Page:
- Masters at 65%
- Research project completion within taught Masters degree or MRES
- Experience using research methods or other approaches relevant to the subject domain
- Work experience relevant to the proposed project
- Experience of presentation of research findings
The University offers the following awards to support PhD study and applications are invited from UK, EU and overseas for the following levels of support:
Vice Chancellors Research Studentship (VCRS)
Full award (full-time PhD fees + DfE level of maintenance grant + RTSG for 3 years).
This scholarship will cover full-time PhD tuition fees and provide the recipient with £15,000 maintenance grant per annum for three years (subject to satisfactory academic performance). This scholarship also comes with £900 per annum for three years as a research training support grant (RTSG) allocation to help support the PhD researcher.
Vice-Chancellor’s Research Bursary (VCRB)
Part award (full-time PhD fees + 50% DfE level of maintenance grant + RTSG for 3 years).
This scholarship will cover full-time PhD tuition fees and provide the recipient with £7,500 maintenance grant per annum for three years (subject to satisfactory academic performance). This scholarship also comes with £900 per annum for three years as a research training support grant (RTSG) allocation to help support the PhD researcher.
Vice-Chancellor’s Research Fees Bursary (VCRFB)
Fees only award (PhD fees + RTSG for 3 years).
This scholarship will cover full-time PhD tuition fees for three years (subject to satisfactory academic performance). This scholarship also comes with £900 per annum for three years as a research training support grant (RTSG) allocation to help support the PhD researcher.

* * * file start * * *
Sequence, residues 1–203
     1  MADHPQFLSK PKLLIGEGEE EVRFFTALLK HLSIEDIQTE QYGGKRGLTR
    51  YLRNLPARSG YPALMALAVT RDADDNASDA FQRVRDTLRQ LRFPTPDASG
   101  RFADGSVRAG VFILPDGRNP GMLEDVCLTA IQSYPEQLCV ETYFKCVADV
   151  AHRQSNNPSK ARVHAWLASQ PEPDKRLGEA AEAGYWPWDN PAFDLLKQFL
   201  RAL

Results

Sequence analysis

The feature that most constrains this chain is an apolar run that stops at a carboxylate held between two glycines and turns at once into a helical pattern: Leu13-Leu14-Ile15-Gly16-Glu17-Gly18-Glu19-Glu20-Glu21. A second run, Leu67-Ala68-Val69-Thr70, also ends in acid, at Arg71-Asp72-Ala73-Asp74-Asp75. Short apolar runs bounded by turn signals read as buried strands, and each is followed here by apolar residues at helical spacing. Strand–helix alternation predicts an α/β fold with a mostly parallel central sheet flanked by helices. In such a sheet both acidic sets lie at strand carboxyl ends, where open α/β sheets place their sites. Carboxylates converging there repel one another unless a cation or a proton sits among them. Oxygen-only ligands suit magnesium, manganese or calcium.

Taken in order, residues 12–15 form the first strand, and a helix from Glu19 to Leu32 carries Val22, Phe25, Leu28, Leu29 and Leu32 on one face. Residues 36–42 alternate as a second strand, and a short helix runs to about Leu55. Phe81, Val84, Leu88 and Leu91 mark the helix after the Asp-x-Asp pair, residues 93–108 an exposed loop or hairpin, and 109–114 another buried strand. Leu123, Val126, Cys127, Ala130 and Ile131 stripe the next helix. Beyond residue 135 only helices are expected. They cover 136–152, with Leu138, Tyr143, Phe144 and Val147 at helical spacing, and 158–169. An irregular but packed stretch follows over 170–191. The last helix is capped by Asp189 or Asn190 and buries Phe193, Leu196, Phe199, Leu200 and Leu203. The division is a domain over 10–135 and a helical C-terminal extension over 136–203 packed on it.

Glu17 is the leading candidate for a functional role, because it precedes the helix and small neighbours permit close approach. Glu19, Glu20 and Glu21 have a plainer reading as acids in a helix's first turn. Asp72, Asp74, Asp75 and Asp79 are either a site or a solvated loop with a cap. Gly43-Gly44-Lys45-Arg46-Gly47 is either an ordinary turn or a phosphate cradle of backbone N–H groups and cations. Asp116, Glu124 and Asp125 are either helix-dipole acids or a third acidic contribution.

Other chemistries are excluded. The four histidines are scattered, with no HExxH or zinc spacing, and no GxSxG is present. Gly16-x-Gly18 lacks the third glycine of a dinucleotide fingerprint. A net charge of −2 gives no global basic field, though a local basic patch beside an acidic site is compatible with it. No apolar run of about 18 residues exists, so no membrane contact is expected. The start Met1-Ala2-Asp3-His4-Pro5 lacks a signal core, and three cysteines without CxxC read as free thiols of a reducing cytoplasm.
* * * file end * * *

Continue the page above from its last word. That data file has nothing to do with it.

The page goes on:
Department for the Economy (DFE)
The scholarship will cover tuition fees at the Home rate and a maintenance allowance of £15,285 per annum for three years. EU applicants will only be eligible for the fee’s component of the studentship (no maintenance award is provided). For Non-EU nationals the candidate must be "settled" in the UK. This scholarship also comes with £900 per annum for three years as a research training support grant (RTSG) allocation to help support the PhD researcher.
Due consideration should be given to financing your studies; for further information on cost of living etc. please refer to: www.ulster.ac.uk/doctoralcollege/postgraduate-research/fees-and-funding/financing-your-studies
The Doctoral College at Ulster University
Completing the MRes provided me with a lot of different skills, particularly in research methods and lab skills.
Michelle Clements Clements - MRes - Life and Health SciencesWatch Video
I would highly recommend Ulster University as you get so much support. Coleraine is a beautiful town and the people are so friendly. It was a really positive experience.
Carin Cornwall - PhD Environmental SciencesWatch Video
I am a senior archaeologist and work for government in Northern Ireland. My PhD looked at the archaeological applications of high resolution airborne laser scanning or LiDAR at the Knockdhu Area of Significant Archaeological Interest (ASAI) in County Antrim. The research highlighted the importance of LiDAR analysis for the characterization and interpretation of historical landscapes, with an obvious application in supporting archaeological survey and settlement pattern research. It also reinforced the practical application of LiDAR data for cultural heritage management initiatives, such as, historic environment record augmentation, as well as, revealing patterns of change and threats to the archaeological resource at a landscape level.I am very grateful to the Northern Ireland Civil Service (NICS) who part-funded this research through their HR Centre for Applied Learning’s ‘Assistance to Study’ scheme. I would also like to thank my academic supervisors who were
Rory McNeary - PhD in Geography, Environmental Studies and Archaeology